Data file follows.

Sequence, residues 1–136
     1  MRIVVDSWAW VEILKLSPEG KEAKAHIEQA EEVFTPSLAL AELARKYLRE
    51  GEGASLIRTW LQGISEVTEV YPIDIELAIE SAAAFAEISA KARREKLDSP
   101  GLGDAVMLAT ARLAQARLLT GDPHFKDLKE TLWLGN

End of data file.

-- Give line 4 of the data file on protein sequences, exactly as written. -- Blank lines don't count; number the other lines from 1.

   101  GLGDAVMLAT ARLAQARLLT GDPHFKDLKE TLWLGN